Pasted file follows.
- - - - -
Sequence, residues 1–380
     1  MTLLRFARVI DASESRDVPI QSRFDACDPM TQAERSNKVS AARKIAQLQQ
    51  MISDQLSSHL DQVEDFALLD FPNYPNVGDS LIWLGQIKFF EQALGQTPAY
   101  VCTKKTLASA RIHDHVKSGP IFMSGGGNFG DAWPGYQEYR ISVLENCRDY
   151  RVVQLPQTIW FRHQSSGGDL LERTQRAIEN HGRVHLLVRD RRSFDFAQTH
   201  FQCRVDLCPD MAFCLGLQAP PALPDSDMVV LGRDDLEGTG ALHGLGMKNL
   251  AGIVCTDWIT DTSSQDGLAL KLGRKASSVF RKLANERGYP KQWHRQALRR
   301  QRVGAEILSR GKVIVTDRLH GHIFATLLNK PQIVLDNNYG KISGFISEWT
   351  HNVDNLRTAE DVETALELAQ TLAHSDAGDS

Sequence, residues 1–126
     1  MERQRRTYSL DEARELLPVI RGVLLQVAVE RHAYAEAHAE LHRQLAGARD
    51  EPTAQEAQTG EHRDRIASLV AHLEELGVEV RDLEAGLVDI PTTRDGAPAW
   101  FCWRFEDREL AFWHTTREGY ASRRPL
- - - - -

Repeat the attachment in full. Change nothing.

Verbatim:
Sequence, residues 1–380
     1  MTLLRFARVI DASESRDVPI QSRFDACDPM TQAERSNKVS AARKIAQLQQ
    51  MISDQLSSHL DQVEDFALLD FPNYPNVGDS LIWLGQIKFF EQALGQTPAY
   101  VCTKKTLASA RIHDHVKSGP IFMSGGGNFG DAWPGYQEYR ISVLENCRDY
   151  RVVQLPQTIW FRHQSSGGDL LERTQRAIEN HGRVHLLVRD RRSFDFAQTH
   201  FQCRVDLCPD MAFCLGLQAP PALPDSDMVV LGRDDLEGTG ALHGLGMKNL
   251  AGIVCTDWIT DTSSQDGLAL KLGRKASSVF RKLANERGYP KQWHRQALRR
   301  QRVGAEILSR GKVIVTDRLH GHIFATLLNK PQIVLDNNYG KISGFISEWT
   351  HNVDNLRTAE DVETALELAQ TLAHSDAGDS

Sequence, residues 1–126
     1  MERQRRTYSL DEARELLPVI RGVLLQVAVE RHAYAEAHAE LHRQLAGARD
    51  EPTAQEAQTG EHRDRIASLV AHLEELGVEV RDLEAGLVDI PTTRDGAPAW
   101  FCWRFEDREL AFWHTTREGY ASRRPL